The power dynamic at the center of disagreements over data seems to be fought on externals that are tangents to the real issue. Instead of clear communication, there can sometimes be a tendency to kick the dogs guarding the shed door, through criticisms about the professionalism or integrity or competence of that guard dog. In short, ad hominems substitute as the core dispute, when in fact the real question is about the nature and propriety of access to information.
A similar dynamic played out at my church. Until a few years ago, my parish was under the jurisdiction of the Conventual Order of Friars Minor (the “black” Franciscans). During the Franciscan era, we had multiple friars in residence and frequent turnover among the clergy, so a lot of day-to-day accountability for managing the parish (at the time, we had more than 1,200 families) resided with lay-run committees and commissions. In fact, commission chairmen had a wide degree of budget authority and approval over various aspects of parish life.
In 2004, the Franciscans pulled out of their parishes in Michigan and direct jurisdiction over my parish reverted to the diocese. We were appointed a single priest, who dismantled the entire infrastructure of lay commissions and committees and basically assumed full and direct control over parochial decision-making. I knew how this worked first-hand, as I was (and remain) the chairman of the parish liturgy commission; I went from a high degree of decision-making authority over parish worship, to being the guy who typed the agenda for Father’s liturgy meeting. (As an aside, I think the change was a good one — the Franciscan model led to an unhealthy degree of lay clericalism, in my view.)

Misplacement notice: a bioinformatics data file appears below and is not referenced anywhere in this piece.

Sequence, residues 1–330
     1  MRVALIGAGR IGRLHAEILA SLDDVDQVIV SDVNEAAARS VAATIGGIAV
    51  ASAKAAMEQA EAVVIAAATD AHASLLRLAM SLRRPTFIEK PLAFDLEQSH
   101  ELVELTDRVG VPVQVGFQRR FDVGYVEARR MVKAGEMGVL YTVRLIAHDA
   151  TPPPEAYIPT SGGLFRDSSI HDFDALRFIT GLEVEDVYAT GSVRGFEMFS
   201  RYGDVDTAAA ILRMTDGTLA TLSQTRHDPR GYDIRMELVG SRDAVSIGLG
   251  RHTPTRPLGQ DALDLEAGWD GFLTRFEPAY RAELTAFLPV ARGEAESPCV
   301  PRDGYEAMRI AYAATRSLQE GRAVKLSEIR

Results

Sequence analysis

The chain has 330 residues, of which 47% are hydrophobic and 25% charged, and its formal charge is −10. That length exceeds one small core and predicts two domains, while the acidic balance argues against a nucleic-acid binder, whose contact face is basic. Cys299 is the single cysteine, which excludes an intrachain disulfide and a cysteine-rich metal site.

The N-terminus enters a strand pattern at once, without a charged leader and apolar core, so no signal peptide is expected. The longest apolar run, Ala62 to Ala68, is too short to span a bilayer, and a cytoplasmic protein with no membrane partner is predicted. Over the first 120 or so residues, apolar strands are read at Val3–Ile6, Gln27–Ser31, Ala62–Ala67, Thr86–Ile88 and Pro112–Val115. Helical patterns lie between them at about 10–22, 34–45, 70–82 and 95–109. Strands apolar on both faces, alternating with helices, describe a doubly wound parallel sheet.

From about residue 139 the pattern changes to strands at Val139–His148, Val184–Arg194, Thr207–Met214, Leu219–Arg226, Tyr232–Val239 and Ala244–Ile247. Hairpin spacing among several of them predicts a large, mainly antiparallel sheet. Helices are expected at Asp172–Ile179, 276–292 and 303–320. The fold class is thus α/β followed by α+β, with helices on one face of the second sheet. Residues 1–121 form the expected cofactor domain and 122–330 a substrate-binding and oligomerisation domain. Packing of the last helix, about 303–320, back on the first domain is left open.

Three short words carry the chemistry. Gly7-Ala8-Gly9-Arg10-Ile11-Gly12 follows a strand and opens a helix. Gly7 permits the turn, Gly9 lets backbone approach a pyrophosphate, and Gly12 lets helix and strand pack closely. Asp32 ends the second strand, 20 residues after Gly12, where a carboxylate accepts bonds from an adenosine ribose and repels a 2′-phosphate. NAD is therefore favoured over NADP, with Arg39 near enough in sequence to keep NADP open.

Life at the parish is different now. Lay volunteers almost never direct things; rather, they support the paid staff who report to the pastor. The feel is different, and the flow of information about parish life has substantially changed.
So, the ultimate question: What general patterns can we discern from power dynamics regarding “data,” in small groups? A few conclusions from my experiences include:
- Information is power, and people who control information (either through access or through interpretation) occupy roles that — no matter how technical in construct — are inherently political.
- People respond differently to people who control information, depending on where that person sits in terms of relative influence. A person in a superior position is accorded deference, and a person in an inferior position is often considered a threat or an obstacle (or, to be fair, a favored co-worker/subordinate).
- The best way to advance when you’re in an inferior position (whether formally or functionally) is to have secure access to reliable data. Anything that jeopardizes this access — even in a non-threatening manner — becomes a serious problem, which gets externalized on the persons who are the “guard dogs” of that data.
None of this should be interpreted as a criticism of my employer, colleagues, or parish; the statements in this post are merely intended to advance a line of thinking about “power” and “data” that too often fail to be addressed in the most appropriate manner, regardless of the setting or context. Nevertheless, some of what I’ve seen is instructive, and suggests strategies for managing the power/data conflict in a healthier and more appropriate manner, with eyes wide open.